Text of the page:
ISLAMABAD, Feb 29: Pakistan has challenged Human Development Index (HDI) of the United Nations Development Programme which ranked it at 144th position in the group of low human development countries instead of its actual 136th position, which falls in the medium human development category.
Official sources told Dawn that the UNDP had estimated the HDI of Pakistan at 0.499 and thus brought its ranking down to 144th which falls in the low human development countries.
The government claims that its actual position should have been 136th which is in the category of medium human development countries. In a letter to the UNDP, the former director of the Centre for Research on Poverty Reduction and Income Distribution (CRRPRID), Dr Mushtaq A. Khan, had challenged the basic data on which the UNDP had ranked Pakistan.
The letter said that according to the Pakistan Demographic Survey of 2000, the life expectancy at birth for men was 64 years and for women it was 66 years. However, projections made by the National Institute of Population Studies (NIPS) bring up the life expectancy for men to 63.48 years and for women to 63.64 years for 2001, making the life expectancy at birth for both sexes to be 63.56 years in 2001.
The value of HDI for Pakistan is estimated, thus, to be 0.515 in 2001 which is higher than 0.499 as estimated for the same year by the UNDP and thus ranking Pakistan at 144th based on the HDI value.
It said that using the factual data of life expectancy at 63.56 years, literacy rate at 44 percent, combined gross enrolment rate at 36 per cent and GDP per capita at $1890, the country is ranked at 136th position for 2001, "bringing it in the group of medium human development countries instead of the low human development countries".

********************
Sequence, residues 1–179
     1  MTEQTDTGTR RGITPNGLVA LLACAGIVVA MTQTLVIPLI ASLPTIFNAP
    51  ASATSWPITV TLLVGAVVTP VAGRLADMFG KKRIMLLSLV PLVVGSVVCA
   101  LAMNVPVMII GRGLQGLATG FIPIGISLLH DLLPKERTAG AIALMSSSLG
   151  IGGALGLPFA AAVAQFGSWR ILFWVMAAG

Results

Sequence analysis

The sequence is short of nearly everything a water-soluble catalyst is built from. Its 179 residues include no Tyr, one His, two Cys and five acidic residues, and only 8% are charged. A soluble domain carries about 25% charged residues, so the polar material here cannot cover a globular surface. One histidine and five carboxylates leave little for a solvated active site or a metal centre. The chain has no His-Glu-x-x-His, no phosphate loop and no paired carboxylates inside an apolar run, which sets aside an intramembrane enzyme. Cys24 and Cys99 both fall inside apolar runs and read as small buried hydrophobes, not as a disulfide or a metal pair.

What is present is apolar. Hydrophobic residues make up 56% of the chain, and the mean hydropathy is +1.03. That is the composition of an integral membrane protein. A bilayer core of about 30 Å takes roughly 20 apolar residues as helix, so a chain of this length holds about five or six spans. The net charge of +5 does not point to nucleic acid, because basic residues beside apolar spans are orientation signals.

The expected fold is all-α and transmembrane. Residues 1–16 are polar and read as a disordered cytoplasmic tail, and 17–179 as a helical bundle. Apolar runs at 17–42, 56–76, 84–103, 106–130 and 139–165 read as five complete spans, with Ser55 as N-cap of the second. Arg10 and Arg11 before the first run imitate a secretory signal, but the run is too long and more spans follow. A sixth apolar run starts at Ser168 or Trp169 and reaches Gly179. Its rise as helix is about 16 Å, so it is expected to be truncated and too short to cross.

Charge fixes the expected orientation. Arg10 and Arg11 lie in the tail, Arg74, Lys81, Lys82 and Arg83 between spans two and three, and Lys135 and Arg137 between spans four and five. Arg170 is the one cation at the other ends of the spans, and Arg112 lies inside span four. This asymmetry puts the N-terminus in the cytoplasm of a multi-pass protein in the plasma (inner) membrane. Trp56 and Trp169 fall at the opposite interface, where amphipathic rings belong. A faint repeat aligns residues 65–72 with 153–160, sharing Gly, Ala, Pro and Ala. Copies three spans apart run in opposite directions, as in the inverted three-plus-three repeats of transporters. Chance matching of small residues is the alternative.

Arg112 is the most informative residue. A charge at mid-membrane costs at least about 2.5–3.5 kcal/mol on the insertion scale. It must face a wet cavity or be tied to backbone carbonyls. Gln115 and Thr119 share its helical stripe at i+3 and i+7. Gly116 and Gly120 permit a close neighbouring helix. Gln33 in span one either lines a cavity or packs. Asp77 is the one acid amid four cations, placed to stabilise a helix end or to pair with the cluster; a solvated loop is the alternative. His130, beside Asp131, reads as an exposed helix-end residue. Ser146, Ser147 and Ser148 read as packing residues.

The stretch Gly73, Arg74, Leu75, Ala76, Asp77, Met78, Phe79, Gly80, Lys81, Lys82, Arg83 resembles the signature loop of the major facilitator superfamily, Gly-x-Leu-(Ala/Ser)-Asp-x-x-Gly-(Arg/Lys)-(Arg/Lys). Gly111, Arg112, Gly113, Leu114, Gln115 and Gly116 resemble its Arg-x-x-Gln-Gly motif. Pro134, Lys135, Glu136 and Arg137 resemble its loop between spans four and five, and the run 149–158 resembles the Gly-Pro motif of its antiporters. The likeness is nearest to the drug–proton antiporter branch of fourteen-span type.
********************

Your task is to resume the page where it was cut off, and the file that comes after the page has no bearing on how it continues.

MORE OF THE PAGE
The UNDP has used the same data to reach the HDI value of 0.499 for Pakistan except the life expectancy rate at 60.4 years instead of 63.56 years. Just because of this difference, Pakistan fell behind Sudan, Bangladesh, Congo, Cameron and Nepal.
Education Minister Zobaida Jalal has also written letters to the UNDP, the sources said. They said that Dr Khan was fired from the post of CRRPRID director by the UNDP for challenging it. The CRRPRID is a UNDP funded project.
In a letter, the UNDP told Mr Khan that as he had attained the age of super annuation, he could not continue as CRRPRID director. He had already attained the super annuation before joining the CRRPRID on his retirement from a government job. His successor who has been hired recently, has also attained the retirement age.